Research Theme 5Language, democracy and human rights in Africa • Processes of democratization in African institutions and recognizing individual and/or collective human rights have a linguistic dimension: • Which language is used in what functions? • Do ordinary African citizens, particularly speakers of socio-politically weak language varieties, have access to language(s) of choice? • How are the notions of rights to language(s) and rights of language(s) represented in the existing debates on democracy and human rights in Africa? • How is the linguistics dimension to our understanding of democracy and human rights in Africa represented in existing international African Studies programs?
Research Theme 6Linguistic diversity in the context of freedom of speech and association • Freedom of association and freedom of speech are key issues in the Universal Declaration of Human Rights. • Premise of proposal: that people are not prohibited from freely expressing their opinions and associating without any hindrance does not automatically mean these freedoms are realized. • Questions: • In which or whose language are they associating? • In which or whose language are they expressing themselves? • Do all ethnolinguistic polities existing in specific African language ecologies have equal access to languages of association and wider communication? • If not, what are the implications for the exercise of these freedoms by different groups of African citizens?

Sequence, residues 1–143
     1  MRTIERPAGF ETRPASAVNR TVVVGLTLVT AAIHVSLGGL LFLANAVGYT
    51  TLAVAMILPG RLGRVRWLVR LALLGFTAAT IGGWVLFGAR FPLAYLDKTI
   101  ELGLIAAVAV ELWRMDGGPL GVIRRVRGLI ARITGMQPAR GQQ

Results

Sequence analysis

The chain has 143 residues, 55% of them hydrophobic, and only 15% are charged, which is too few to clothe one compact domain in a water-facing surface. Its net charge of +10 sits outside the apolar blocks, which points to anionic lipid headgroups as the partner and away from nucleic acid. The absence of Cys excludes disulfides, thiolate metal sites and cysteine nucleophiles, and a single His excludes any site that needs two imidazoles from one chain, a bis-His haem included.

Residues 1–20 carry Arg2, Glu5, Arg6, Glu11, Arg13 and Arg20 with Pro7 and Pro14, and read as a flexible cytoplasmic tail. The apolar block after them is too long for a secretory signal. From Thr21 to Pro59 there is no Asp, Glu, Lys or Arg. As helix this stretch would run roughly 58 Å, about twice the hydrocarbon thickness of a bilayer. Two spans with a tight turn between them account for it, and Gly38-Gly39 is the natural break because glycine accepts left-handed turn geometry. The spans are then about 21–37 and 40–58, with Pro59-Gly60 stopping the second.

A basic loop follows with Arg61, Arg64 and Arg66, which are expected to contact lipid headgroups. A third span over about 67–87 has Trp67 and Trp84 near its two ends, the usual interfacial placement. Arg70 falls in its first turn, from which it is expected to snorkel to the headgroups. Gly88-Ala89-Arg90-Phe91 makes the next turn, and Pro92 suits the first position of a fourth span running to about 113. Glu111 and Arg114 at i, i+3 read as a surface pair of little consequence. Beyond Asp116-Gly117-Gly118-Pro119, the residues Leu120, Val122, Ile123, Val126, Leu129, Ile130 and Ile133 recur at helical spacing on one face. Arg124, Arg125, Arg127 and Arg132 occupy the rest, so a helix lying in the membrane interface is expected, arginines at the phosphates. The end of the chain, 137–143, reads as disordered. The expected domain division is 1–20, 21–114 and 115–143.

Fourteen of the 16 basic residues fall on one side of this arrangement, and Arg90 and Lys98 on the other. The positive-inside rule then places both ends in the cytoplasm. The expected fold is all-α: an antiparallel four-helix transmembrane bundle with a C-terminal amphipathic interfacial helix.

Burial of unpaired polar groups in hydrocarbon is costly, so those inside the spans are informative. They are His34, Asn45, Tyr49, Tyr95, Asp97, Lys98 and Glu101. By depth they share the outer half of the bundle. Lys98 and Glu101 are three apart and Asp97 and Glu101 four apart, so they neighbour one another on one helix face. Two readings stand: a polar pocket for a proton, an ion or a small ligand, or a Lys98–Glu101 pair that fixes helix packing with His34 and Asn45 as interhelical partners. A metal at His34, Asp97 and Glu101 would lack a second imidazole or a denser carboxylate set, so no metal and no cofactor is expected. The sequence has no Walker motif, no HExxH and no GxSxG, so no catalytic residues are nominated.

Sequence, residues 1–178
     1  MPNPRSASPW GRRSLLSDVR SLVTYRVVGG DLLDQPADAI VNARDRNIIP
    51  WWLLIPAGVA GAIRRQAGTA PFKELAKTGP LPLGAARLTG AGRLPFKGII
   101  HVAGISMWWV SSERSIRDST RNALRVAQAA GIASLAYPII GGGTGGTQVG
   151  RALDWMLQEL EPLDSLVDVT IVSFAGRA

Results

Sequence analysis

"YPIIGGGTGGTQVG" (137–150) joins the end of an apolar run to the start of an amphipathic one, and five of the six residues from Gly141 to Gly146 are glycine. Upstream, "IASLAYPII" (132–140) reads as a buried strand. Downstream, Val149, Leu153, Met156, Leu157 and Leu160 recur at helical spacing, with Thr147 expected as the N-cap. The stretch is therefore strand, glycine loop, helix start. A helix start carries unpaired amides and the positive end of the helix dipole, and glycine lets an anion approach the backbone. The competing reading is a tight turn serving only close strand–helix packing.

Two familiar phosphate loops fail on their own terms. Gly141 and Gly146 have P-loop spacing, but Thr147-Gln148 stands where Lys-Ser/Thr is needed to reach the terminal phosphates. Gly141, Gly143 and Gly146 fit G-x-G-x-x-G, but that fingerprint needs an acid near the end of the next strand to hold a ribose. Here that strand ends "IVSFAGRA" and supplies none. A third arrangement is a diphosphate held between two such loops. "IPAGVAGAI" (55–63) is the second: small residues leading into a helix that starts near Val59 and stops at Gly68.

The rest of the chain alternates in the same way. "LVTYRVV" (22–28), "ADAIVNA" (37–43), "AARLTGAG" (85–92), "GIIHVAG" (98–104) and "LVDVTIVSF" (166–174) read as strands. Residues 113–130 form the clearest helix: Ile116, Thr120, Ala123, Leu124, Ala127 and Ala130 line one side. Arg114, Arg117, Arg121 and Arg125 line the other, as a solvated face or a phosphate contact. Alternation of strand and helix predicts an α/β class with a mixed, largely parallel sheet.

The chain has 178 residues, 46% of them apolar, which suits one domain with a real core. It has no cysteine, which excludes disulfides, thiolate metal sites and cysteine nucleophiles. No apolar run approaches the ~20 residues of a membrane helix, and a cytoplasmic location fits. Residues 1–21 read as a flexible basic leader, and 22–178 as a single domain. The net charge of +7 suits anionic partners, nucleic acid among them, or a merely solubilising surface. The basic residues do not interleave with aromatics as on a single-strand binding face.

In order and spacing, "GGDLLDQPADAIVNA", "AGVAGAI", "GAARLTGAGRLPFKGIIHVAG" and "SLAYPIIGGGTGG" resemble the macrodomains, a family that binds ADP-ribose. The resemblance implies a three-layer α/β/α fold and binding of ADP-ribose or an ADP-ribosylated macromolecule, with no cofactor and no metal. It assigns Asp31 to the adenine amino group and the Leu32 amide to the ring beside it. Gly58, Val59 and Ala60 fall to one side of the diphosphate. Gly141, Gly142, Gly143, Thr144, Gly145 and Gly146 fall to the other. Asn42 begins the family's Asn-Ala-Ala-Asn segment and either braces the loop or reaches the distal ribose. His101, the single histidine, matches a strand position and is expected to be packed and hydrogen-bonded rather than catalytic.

Anticipated Research Outcomes • The proposed research is anticipated to culminate in the following: • Fostering research networks and collaborative research activities with Africanists at Monash University and other Australian research institutions across various disciplines of the humanities, arts and social sciences. • Conference and seminar presentations • Peer reviewed articles to be published in internationally reputable journals on African Studies • A monograph on the language factor in African development • Chapter contributions to edited volumes